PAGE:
The festival, which will include a concert, a ceilidh, art exhibition, arts, craft and music workshop, and a sung service on Sunday morning, has been organised by a group of artists and musicians in the church who were inspired by the wealth of creativity in the parish.

The festival is open to all at no charge and among the workshops on offer on Saturday will be stone-cutting, working with clay, music and an opportunity to redraw the map of Hale in an art workshop.

There will be a concert on Friday evening at 7pm featuring organ music, a ‘Cajun Boogaloo’, Wildflowers choral group, and the rock-a-billy country band Fingersmith and the Rocking Thumbs, and on Saturday at 7pm there will be a ceilidh and a celebration of work from the daytime workshops.

The Sunday service at 11am will be almost entirely sung (including the sermon) and will take place in a church decorated with artwork from Saturday.

Licensed Lay Minister and musician Lesley Shatwell, one of the organisers, will be leading the Sunday service. She said: “I love all kinds of music, but since I have been licensed as a lay minister, I have been wanting to share the variety of religious songs, gospel music and folk hymns; and maybe to see if I could put them together into a completely musical service.

“Creativity was bubbling up throughout our parish and I am not sure who first thought, ‘We could have a festival to celebrate all of this’, but the idea took hold. People offered time and expertise, musicians looked through their repertoire to select the right pieces and suddenly, it is all taking shape very quickly. Admission to the concert is free but donations may be made in aid of parish funds and the century-old organ, known as ‘Emily’, which is in need of refurbishment.

For further details call 07592 571243 or visit http://www.badshotleaandhale.org

 

Singing Together

Last Thursday fifteen of us met at St. Marks church for a lovely evening singing together.

Frances had invited local renowned musician, Len Tyler, to meet us and encourage us all to sing even better than we do already!

Len is an expert in the Kodály method of singing. This encourages us to listen, think, and sing at the same time. Within an hour we, as a group, were all singing confidently in four parts. We all felt very pleased with ourselves.

Many of us feel we would like to meet again. Len is extremely busy so cannot join us, but I did a Kodály course as part of my teachers training many years ago, and I am very happy to revise it in order to lead a few sessions if everyone is happy about that.

I suggest we meet again on Thursday 18th May at St. Marks church at 6:15 until 7:30, to sing and socialise.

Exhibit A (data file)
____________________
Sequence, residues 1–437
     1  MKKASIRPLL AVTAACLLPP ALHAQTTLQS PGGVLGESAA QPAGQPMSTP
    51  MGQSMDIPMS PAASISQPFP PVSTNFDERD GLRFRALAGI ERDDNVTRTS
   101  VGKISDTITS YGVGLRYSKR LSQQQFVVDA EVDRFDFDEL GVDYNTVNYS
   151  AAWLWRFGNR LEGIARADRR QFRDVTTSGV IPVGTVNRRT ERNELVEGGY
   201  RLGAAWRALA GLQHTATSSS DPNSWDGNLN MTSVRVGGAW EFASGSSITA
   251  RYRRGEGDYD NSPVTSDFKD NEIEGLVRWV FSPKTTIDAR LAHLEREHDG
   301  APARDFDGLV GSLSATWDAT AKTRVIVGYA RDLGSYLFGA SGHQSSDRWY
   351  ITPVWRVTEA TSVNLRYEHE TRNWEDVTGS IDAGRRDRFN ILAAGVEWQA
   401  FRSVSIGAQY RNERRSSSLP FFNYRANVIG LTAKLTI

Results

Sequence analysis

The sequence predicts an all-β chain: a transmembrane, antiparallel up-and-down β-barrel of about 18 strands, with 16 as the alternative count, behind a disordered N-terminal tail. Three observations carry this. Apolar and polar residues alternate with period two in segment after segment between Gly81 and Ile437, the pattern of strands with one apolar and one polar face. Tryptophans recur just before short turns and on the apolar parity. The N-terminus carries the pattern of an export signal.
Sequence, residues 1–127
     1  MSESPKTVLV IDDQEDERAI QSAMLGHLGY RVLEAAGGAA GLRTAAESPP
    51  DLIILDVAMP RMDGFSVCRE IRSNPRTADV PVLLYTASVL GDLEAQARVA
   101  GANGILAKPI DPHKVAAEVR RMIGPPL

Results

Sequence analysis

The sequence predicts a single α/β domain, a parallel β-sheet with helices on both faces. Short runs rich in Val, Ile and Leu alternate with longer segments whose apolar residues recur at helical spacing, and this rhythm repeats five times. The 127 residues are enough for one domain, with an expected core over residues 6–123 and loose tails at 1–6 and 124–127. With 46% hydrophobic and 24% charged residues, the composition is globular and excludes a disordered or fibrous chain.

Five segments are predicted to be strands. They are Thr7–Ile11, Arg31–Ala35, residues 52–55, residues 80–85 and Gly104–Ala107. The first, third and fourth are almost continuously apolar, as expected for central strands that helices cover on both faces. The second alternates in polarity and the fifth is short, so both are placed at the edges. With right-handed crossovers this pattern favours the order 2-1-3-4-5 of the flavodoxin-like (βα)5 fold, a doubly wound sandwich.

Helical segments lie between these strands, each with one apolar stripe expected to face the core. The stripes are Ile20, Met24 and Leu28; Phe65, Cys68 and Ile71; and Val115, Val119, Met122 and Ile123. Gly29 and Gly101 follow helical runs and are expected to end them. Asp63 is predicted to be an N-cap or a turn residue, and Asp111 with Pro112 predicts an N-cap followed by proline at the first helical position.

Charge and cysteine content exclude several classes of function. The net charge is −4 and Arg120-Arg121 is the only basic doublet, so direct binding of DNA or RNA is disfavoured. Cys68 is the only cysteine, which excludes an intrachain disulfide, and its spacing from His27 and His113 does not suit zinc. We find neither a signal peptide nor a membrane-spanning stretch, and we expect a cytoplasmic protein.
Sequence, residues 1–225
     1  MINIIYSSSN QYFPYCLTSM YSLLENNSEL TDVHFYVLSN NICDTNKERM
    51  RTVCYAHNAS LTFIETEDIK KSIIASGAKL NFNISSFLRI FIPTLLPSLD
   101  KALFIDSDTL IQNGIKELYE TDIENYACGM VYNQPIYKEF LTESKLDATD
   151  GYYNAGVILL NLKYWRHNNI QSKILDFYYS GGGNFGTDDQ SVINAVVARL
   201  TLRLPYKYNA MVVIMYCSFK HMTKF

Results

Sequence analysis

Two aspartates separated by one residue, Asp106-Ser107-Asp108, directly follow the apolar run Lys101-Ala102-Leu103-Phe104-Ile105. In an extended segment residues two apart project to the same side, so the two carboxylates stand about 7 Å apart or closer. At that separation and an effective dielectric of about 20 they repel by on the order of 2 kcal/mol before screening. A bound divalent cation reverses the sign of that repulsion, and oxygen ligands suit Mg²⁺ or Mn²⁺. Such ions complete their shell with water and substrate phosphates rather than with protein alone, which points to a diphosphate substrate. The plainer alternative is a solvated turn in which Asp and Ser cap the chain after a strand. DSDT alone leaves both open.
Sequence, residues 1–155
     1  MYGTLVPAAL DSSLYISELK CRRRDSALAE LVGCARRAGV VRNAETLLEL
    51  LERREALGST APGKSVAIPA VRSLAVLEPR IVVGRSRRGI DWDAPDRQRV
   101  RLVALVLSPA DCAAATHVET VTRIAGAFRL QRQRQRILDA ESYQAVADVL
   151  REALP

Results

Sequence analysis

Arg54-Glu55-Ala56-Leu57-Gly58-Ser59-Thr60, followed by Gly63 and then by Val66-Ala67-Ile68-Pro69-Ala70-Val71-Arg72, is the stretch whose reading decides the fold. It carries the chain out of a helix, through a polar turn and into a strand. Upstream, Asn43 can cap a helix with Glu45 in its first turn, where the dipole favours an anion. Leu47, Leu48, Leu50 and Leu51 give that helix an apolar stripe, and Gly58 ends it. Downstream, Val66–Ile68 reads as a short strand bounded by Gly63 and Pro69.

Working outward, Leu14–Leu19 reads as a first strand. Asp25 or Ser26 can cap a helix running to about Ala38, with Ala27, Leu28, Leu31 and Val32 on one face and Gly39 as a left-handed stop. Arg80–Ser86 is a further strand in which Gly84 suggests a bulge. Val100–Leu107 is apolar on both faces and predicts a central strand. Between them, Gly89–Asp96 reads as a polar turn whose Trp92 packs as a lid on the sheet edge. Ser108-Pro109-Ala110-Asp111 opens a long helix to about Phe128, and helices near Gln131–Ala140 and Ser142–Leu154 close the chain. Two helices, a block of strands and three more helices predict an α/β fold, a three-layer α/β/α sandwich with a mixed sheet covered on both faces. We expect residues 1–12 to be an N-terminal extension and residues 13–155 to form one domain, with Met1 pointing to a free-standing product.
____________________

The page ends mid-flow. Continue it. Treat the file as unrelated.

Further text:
Len has said he would visit us again in a few months and it would be good to show him what we can do!

See you all soon and  keeeeeep singing!

Margaret 😃

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Sponsor a stop to save Emily

‘Emily,’ the pipe organ at St Mark’s Church, Upper Hale is 103 years old and in need of a complete overhaul. The Parish of Badshot Lea and Hale have been fundraising and so far have raise £2500 towards the target of £23,000.

St Mark’s Church are appealing to the community to help save this local piece of history by sponsoring an organ stop. A ‘stop’, when it is pulled out, allows pressurized air to a set of organ pipes. This changes the sound of the organ, perhaps making it sound like a group flutes or oboes. There are eight stops available for sponsorship at £100 each, in addition there are pipes available at £60, £30 or £15 each.

The Reverend Lesley Crawley said, “Pipes and stops can be sponsored anonymously or not, and those sponsoring them will be able to write who they are sponsoring it for. They will receive a certificate and the church will display all the names and notes that people write on a ‘Sponsoring a Pipe’ manuscript. There will be a celebratory concert once ‘Emily’ has been restore to which all those who have sponsored a pipe will be invited.”

To sponsor a pipe or stop please send the note of who you are dedicating the pipe to and your  donation (payable to The Parish of Badshot Lea and Hale PCC) to St Mark’s Church, Alma Lane, Farnham, GU9 0LT. For further information or to ensure your donation is gift-aided then call the Reverend Lesley Crawley on 01252 820537.